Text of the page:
Yoakam's craft, tradition speak loudest of all
Greek Theatre, Los Angeles, Cal., Aug. 22, 2002
LOS ANGELES, CA – Dwight Yoakam was more talkative than usual during his first ever appearance at LA’s Greek Theatre, but his finely crafted and tradition-soaked music still spoke loudest of all. Even Yoakam, who got his big break by the playing LA club circuit, was surprised that he hadn’t hit the boards at this historic venue before tonight. But he made the best of it by bringing along his old club mates, The Blasters, to open, and by giving Hank Williams III the chance to play before a large and appreciative audience.
Yoakam set lists don’t change very much from show to show, which made this concert's newer entries especially noteworthy. Yoakam is prepping a new box set, and so he played a few of its unreleased cuts this night. These included “Louisville,” which he said he first heard played by Jann Browne on one of the "Town South Of Bakersfield” collections, and “Sittin’ Pretty,” which he said is by an Arkansas highway patrolman. “When he isn’t writing tickets,” Yoakam quipped, “he’s writing great songs.”
The show opened with a lot of punch, especially due to Pete Anderson’s guitar magic on the rockabilly of “Little Sister,” and other more guitar-based selections. It lagged throughout the ballad-heavy middle section, but picked up steam again when songs with more bounce, such as “Honky Tonk Man,” anchored the closing section.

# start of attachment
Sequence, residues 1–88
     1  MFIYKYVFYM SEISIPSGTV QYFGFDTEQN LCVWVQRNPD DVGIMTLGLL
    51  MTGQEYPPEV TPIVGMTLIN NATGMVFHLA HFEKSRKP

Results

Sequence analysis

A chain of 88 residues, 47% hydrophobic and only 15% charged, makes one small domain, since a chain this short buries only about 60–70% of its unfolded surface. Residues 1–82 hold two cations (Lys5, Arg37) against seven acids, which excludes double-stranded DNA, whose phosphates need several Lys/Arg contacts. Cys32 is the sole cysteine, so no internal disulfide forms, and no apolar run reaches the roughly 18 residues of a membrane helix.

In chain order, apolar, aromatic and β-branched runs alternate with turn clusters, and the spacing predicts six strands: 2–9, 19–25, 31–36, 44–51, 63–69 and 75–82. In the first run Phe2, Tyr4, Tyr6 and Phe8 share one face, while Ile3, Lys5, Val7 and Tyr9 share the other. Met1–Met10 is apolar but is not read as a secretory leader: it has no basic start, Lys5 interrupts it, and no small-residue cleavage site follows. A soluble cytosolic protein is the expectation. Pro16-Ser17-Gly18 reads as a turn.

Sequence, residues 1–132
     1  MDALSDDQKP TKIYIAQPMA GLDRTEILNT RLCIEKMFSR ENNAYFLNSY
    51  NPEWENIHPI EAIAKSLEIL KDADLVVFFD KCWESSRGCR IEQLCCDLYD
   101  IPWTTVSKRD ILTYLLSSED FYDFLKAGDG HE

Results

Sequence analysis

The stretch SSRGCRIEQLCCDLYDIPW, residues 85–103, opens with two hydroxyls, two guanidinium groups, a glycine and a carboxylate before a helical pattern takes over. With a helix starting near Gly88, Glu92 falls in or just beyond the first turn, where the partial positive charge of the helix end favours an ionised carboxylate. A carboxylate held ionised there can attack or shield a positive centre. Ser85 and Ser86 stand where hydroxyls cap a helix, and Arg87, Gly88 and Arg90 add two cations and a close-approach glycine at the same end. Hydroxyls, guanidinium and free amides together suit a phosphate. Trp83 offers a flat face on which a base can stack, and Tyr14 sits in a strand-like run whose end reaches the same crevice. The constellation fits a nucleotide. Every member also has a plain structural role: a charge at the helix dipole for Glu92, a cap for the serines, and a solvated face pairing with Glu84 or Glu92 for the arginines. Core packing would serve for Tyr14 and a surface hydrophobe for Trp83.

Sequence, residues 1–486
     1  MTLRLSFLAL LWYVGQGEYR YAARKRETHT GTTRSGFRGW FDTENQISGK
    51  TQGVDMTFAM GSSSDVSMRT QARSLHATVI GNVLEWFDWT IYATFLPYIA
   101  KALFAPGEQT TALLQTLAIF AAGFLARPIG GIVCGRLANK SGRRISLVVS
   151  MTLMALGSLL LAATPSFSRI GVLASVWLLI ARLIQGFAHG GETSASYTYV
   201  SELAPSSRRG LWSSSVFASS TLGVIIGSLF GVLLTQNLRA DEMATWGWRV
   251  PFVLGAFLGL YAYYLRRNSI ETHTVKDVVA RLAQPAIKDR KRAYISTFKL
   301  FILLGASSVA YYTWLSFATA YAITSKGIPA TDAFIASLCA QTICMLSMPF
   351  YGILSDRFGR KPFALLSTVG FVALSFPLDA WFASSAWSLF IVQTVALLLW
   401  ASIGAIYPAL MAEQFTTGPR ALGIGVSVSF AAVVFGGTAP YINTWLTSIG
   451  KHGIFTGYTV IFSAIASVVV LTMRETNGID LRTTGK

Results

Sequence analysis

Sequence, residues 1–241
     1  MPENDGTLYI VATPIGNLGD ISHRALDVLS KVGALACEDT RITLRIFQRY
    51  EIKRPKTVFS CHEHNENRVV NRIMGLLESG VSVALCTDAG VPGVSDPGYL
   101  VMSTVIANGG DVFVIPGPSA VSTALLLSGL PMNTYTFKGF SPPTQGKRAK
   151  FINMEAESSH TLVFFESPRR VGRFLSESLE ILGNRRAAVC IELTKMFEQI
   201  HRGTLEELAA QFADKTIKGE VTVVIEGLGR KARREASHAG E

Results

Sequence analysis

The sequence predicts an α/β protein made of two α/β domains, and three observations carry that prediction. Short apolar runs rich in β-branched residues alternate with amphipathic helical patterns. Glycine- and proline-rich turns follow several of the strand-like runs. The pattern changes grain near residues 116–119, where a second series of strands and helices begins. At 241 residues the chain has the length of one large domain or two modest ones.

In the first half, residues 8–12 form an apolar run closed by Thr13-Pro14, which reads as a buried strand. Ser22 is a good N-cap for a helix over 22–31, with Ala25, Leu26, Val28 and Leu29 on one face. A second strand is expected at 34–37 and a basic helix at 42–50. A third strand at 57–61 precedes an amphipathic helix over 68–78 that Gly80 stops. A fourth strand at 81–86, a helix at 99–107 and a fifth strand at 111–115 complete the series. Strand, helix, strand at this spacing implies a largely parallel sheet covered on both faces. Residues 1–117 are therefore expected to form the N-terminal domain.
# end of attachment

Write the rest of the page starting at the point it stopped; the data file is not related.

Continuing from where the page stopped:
Hank Williams III was the real revelation here. On a recent trip through town, the lanky singer tried too hard to look and sound punk-country.
But this time out, his traditional band of pedal steel, standup bass, fiddle, drums and his own acoustic, turned him into a mirror image of his grandfather. Except for song references to weed, he looks and sounds exactly like Hank Sr. It's eerie, to say the least. Songs like “Mississippi Mud” and “One Horse Town” also echo the beautiful simplicity of his grandfather's writing style. If he stays on this path, and if temptation doesn’t do him in first, Hank Williams III is more than likely destined for greatness.
Phil Alvin led the current (and not the original) version of The Blasters through an exciting half-hour of powerful American rock, including “I’m Shakin’” and “Marie Marie.” A daylight spot while fans are still parking their cars, is no enviable placement, but you’d never know it by looking at Alvin’s big grin. He and the band just blocked it all out and let her rip.
You might call this a show of Americana past (The Blasters), present (Yoakam) and future (Hank). You could, but all of these acts are still very alive and well in the present tense.